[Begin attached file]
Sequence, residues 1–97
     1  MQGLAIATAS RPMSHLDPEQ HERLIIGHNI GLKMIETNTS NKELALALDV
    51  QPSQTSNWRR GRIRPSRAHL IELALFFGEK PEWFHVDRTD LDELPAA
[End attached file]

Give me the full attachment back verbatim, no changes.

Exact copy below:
Sequence, residues 1–97
     1  MQGLAIATAS RPMSHLDPEQ HERLIIGHNI GLKMIETNTS NKELALALDV
    51  QPSQTSNWRR GRIRPSRAHL IELALFFGEK PEWFHVDRTD LDELPAA